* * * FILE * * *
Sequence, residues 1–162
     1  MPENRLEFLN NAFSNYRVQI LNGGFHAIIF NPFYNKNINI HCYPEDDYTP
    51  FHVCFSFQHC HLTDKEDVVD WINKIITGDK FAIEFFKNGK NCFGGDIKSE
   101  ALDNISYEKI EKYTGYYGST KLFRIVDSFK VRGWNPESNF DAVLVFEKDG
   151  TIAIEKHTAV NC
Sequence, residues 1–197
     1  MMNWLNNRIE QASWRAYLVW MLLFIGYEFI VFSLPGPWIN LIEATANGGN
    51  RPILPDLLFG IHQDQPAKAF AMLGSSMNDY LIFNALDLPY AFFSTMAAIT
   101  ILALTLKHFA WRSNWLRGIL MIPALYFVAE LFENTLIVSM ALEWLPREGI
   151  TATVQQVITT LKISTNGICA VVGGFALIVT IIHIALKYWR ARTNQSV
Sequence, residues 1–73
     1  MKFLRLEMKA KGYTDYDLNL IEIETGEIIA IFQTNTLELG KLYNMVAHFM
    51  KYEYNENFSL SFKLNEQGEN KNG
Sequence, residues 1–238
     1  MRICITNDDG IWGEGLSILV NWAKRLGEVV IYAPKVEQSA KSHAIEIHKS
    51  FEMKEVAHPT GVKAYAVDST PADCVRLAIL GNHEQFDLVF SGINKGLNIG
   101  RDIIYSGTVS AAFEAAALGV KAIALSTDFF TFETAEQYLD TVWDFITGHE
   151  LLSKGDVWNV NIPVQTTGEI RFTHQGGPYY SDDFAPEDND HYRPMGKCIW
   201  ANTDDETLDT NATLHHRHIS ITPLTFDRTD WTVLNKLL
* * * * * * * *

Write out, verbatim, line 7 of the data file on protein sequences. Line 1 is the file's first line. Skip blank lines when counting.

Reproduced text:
     1  MMNWLNNRIE QASWRAYLVW MLLFIGYEFI VFSLPGPWIN LIEATANGGN